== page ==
A form of ownership in which owners are co-owners of a property. They possess special rights to certain units such as apartments, cellars, garages etc. They exercise sole ownership rights in respect of these units. The common areas of the property are not governed by the special rights. The rights and duties of owners under condominium ownership are laid down in the use and administration rules.

The current building value corresponds to the building value less depreciation.

Value of building as new less depreciation.

The discounted cash flow method (DCF) estimates the net income of a building in the future. It is also known as the operating income or net cash flow. The estimates and calculations are performed over a period of 5-10 years (usually 10 years), even over longer periods in certain cases. A salvage or market value is determined for the remaining useful life – referred to as the residual value.

In bookkeeping and cost accounting the value of a building is reduced on a scheduled basis. Depreciation takes into account the building's fall in value due to age.

Fall in value of a building over time in comparison with a similar newly constructed building.

This is understood to refer to depreciation that occurs following new developments in construction techniques in terms of construction materials, comfort and new construction methods which additionally reduce the current value of a building.

Value-impairing factors include:
• architecture that no longer meets current requirements or uneconomical architecture – floor plan, rooms that are too small, height between floors, ceiling heights, design etc.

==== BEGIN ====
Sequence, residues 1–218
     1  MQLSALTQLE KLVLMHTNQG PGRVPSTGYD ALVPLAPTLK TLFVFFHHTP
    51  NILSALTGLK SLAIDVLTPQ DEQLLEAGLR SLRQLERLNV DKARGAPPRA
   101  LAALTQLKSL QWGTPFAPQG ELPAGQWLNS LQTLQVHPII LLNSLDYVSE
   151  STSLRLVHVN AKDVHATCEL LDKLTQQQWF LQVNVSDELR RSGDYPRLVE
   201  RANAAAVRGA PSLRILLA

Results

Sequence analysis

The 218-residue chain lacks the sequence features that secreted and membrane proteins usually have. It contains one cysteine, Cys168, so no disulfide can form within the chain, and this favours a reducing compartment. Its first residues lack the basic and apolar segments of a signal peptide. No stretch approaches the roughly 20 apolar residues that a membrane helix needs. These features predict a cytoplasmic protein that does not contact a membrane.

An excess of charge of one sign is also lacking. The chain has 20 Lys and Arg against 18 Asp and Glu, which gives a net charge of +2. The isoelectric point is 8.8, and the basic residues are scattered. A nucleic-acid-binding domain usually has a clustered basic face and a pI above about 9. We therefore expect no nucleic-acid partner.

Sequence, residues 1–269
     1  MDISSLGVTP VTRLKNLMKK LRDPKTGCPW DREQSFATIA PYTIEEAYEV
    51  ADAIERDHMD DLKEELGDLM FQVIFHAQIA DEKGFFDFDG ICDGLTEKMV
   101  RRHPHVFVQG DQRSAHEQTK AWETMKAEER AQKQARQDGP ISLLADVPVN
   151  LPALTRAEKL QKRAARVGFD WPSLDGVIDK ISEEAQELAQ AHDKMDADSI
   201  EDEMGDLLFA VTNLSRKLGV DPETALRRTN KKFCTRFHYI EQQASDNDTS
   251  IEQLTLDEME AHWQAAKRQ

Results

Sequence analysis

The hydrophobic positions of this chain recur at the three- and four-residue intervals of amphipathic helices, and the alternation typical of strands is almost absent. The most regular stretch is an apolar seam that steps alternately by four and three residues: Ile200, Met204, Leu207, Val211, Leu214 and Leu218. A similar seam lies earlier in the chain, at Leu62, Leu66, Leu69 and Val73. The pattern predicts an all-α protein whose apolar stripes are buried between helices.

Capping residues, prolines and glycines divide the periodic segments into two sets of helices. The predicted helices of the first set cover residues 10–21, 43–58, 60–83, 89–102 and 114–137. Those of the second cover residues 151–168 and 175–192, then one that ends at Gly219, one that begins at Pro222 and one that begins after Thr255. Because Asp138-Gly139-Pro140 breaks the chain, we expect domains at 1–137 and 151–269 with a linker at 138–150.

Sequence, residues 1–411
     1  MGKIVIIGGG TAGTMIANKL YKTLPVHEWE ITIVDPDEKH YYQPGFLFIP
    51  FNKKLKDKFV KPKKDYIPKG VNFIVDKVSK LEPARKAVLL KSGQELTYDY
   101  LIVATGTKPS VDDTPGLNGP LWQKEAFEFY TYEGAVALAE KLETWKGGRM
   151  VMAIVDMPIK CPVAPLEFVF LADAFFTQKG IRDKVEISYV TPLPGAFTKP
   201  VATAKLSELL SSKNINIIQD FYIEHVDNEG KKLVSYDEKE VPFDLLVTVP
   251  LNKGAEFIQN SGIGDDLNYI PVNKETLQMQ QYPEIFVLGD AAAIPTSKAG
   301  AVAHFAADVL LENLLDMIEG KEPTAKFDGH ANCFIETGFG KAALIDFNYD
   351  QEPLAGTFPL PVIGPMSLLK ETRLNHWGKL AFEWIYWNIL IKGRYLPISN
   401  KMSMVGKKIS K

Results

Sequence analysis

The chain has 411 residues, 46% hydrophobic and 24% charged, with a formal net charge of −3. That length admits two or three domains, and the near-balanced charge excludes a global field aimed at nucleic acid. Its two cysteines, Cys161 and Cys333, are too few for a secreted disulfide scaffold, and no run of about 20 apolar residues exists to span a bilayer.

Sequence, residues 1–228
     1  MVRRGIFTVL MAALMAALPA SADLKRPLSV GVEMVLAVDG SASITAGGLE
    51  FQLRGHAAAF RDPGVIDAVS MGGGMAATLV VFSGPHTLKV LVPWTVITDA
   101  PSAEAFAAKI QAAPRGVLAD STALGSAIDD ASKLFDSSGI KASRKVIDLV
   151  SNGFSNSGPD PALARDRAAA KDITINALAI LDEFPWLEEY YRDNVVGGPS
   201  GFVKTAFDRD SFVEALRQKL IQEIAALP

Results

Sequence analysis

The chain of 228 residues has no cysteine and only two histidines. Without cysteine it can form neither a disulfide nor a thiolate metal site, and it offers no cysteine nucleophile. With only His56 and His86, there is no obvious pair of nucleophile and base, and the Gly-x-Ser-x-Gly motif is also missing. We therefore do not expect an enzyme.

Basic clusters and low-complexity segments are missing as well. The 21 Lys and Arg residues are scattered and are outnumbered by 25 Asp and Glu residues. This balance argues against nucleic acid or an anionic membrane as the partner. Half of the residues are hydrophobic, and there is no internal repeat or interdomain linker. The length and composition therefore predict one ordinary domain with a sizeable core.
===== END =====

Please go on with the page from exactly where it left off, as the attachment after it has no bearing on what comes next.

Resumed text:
• a failure to keep up to date in terms of healthy residential and workplace environments; other aspects influencing use or residual life.
Economic depreciation must be taken into account when determining the current value.

Generally speaking, anyone without sufficient savings to finance 20 percent of the investment amount must obtain additional own funds. These may take the form of loans from relatives or friends, early withdrawals of inheritances or donations or retirement funds from the 2nd and 3rd pillars of the Swiss social security system. In the case of owner-occupied homes and under certain conditions, the law for the promotion of home ownership allows owners to use part of the capital saved under occupational and private pension schemes.

Mortgage with a fixed interest rate and a fixed term – usually between two and ten years. The borrower does not bear any risk of interest rate increases but nor does he/she benefit from any falls in interest rates during the mortgage term.

The floor area is the ground-plan area of the accessible floors covered and enclosed on all sides including the structural areas. Areas consisting of cavities below the lowest accessible floor are not included in the floor area.

The floor area comprises:
• the net floor area and
• the structural area

When granting loans lenders apply two main criteria: first, the buyer must finance at least 20 percent of the purchase price using his/her own funds. Second, the annual financial burden stemming from the purchase must not exceed between 30 and 33 percent of the buyer's gross income. Lenders check the creditworthiness of the building and the borrower. Here, different guidelines are followed depending on the particular credit institution.

The sum of all aboveground and underground floor areas including walls, less any areas that cannot be used for residential purposes or work.

The area comprising all living areas, ancillary areas, corridors and stairs within a home; however, not outside the home. Hence stairwells, terraces, open balconies and non-habitable cellar or attic areas are excluded.

The house equipment area is the section of the net floor area available for house equipment.

The house equipment area includes areas such as
• rooms for house equipment,
• motor rooms for lifts and conveyor systems,
• supply and disposal shafts, mechanical floors, supply pipes and sewage pipes and
• tank rooms